We recently held our first round-table event on the future of fintech, which we called “Money 2030”. The session was focused on what fintech and financial services might look like in ten years’ time. We were joined by senior executives from across a range of different sectors, including telecommunications providers and other non-financial services companies, which have launched fintech services for their clients; investors and advisors which are actively working in this space and fintech and technology companies which are building the platforms to enable innovation. We assembled an expert panel of speakers for the event, which included Atanas Dobrev, CEO of Vivacom; Ian Clowes, Director of FS Horizons; Jana Lvova, Head of Fintech for VISA Europe; Maximilian Schausberger, Managing Director of Elevator Ventures. Our very own Executive Chairman and Co-founder Ivo Gueorguiev moderated the event, but he wasn’t spared questions from the wider audience either!
We started by asking our panel what one prediction they had for how financial services might look like in ten years’ time. Elevator Ventures’ Maximilian Schausberger brought an international perspective to his contribution, noting that the Chinese are currently leading the way in the platform business, with AliPay and Tencent establishing themselves as data collectors in all areas of consumers. Visa’s Jana Lvova predicted a future that included more seamless consumer services, which would give consumers greater control. She highlighted services like subscription management as an example. Lvova also noted that cash will play an increasingly smaller role in consumer purchases, forecasting that around 5% of transactions will be cashless in the UK by 2030. Real-time financial services, facilitated by open-banking and cloud-based technology, is the future that Ian Clowes of FS Horizons envisioned. And technologies like quantum computing and APIs will play a bigger and bigger part in the provision, and protection of, financial services. The theme of cashless payments was picked up by Atanas Dobrev of Vivacom. He believed that cashless payments via smart devices, including biometrics, will inevitably take a share of the market from cash, cheques and plastic cards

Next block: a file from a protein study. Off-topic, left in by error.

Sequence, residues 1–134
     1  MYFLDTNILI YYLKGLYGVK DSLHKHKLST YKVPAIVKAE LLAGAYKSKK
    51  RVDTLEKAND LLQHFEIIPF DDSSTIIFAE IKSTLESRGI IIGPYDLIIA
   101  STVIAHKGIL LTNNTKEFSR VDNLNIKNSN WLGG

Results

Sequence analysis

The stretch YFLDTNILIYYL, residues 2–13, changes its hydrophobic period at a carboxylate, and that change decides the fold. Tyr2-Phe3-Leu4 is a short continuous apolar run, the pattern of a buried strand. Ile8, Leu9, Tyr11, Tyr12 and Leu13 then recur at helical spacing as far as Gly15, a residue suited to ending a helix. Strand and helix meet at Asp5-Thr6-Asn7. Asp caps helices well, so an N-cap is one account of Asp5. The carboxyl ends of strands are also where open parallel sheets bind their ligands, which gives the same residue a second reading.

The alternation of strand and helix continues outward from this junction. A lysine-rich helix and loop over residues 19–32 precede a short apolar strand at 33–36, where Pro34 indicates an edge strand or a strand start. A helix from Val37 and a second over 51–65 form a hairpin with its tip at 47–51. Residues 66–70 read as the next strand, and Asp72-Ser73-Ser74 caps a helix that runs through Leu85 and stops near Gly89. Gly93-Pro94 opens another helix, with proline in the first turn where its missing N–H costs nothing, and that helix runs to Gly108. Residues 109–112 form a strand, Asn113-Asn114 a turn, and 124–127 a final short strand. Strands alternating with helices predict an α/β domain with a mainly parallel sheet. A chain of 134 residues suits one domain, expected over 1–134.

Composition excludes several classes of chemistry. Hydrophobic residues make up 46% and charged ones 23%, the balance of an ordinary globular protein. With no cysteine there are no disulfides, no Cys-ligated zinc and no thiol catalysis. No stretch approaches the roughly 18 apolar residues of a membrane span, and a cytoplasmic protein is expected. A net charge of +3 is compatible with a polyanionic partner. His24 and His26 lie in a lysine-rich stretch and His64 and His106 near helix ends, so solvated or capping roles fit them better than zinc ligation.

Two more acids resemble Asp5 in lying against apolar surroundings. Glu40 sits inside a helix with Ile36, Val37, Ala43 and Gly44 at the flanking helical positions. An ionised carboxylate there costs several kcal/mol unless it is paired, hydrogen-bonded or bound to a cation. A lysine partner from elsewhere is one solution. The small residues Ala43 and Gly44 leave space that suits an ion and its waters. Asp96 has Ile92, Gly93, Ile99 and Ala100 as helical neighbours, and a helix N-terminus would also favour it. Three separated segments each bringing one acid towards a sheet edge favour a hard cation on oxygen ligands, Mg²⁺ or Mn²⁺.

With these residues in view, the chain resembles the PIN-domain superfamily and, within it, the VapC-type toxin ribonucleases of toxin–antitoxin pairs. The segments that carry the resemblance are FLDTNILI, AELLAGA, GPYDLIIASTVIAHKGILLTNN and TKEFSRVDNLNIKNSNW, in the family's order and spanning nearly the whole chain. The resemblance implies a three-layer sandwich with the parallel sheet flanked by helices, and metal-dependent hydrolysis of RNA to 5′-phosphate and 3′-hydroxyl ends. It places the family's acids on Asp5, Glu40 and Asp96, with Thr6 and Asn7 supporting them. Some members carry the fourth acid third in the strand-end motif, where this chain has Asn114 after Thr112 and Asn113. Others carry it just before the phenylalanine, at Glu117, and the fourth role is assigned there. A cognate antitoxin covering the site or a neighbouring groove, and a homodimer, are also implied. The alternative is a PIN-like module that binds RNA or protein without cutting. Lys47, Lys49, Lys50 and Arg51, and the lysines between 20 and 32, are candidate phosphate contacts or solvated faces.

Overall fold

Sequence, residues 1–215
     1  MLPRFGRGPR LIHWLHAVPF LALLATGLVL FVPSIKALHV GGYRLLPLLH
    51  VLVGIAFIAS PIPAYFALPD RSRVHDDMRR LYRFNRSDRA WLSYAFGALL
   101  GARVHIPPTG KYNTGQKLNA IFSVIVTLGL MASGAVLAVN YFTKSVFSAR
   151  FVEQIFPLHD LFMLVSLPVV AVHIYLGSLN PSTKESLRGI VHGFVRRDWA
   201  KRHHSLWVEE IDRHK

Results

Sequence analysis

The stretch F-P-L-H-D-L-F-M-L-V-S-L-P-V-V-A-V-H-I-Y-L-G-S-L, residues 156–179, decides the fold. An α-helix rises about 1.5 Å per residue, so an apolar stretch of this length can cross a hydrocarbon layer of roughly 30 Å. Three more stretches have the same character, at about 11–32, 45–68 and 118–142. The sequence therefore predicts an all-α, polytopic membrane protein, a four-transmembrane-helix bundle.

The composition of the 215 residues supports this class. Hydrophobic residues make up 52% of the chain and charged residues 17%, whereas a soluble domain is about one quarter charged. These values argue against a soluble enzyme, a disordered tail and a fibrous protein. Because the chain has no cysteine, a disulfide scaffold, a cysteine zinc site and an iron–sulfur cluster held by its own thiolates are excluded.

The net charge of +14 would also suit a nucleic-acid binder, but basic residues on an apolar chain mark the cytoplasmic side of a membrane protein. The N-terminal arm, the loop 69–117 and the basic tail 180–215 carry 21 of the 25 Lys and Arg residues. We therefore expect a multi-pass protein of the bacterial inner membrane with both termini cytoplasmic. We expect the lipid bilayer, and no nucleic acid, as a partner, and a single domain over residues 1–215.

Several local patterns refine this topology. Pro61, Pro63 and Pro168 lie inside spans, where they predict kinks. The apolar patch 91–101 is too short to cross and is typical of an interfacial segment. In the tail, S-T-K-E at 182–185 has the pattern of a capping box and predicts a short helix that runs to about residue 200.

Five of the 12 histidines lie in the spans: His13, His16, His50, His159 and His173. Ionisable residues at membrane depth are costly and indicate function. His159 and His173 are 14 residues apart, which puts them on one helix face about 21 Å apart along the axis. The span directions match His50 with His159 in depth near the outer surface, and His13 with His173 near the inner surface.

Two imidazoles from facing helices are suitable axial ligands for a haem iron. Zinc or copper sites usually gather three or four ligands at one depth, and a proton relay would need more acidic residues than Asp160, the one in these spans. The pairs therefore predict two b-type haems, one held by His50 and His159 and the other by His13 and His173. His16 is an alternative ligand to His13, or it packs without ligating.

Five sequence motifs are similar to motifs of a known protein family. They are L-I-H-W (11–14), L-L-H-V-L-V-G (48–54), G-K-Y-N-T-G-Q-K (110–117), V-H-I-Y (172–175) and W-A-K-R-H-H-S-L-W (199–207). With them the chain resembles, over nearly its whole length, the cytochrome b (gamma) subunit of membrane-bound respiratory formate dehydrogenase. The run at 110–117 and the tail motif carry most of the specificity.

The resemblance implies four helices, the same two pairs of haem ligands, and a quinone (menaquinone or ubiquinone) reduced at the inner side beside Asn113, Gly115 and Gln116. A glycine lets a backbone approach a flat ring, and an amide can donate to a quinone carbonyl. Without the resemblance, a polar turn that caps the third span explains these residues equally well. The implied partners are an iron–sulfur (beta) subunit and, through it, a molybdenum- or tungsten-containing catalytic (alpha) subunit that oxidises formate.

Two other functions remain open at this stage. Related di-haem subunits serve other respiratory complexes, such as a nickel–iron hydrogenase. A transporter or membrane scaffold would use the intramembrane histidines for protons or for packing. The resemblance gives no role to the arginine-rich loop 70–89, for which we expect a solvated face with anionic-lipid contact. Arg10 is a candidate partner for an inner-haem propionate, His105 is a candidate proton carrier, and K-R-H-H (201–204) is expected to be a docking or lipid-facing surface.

We had some great questions from the wider steering group, including Charlie Craven from Ecospend, an open-banking provider. He asked our panel what the infrastructure of open banking will look like in ten years’ time Expanding on his theme from earlier in the discussion, Ian Clowes from FS Horizons replied that the adoption and future could be SEPA Instant (Single Euro Payments Area) to facilitate real-time purchases. He explained that there’s still work to do to “bed down” the banking rails associated with this, but the volume will come in future. Jana Lvova of Visa agreed, saying that while it will take time to build the structures needed to fully support all the innovation that open banking can facilitate ultimately it’s “here to stay”. She added it won’t just be regulators that propel this process forward, but also commercial opportunity for banks and new market entrants.